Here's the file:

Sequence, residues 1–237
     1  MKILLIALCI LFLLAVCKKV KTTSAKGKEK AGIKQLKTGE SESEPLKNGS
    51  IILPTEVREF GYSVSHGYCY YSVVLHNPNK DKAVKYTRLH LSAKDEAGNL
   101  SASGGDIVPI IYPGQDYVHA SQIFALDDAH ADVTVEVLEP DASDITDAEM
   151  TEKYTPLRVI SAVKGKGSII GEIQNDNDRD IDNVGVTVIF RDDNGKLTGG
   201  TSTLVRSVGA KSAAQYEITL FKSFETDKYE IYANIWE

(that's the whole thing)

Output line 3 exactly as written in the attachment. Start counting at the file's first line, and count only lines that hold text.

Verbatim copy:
    51  IILPTEVREF GYSVSHGYCY YSVVLHNPNK DKAVKYTRLH LSAKDEAGNL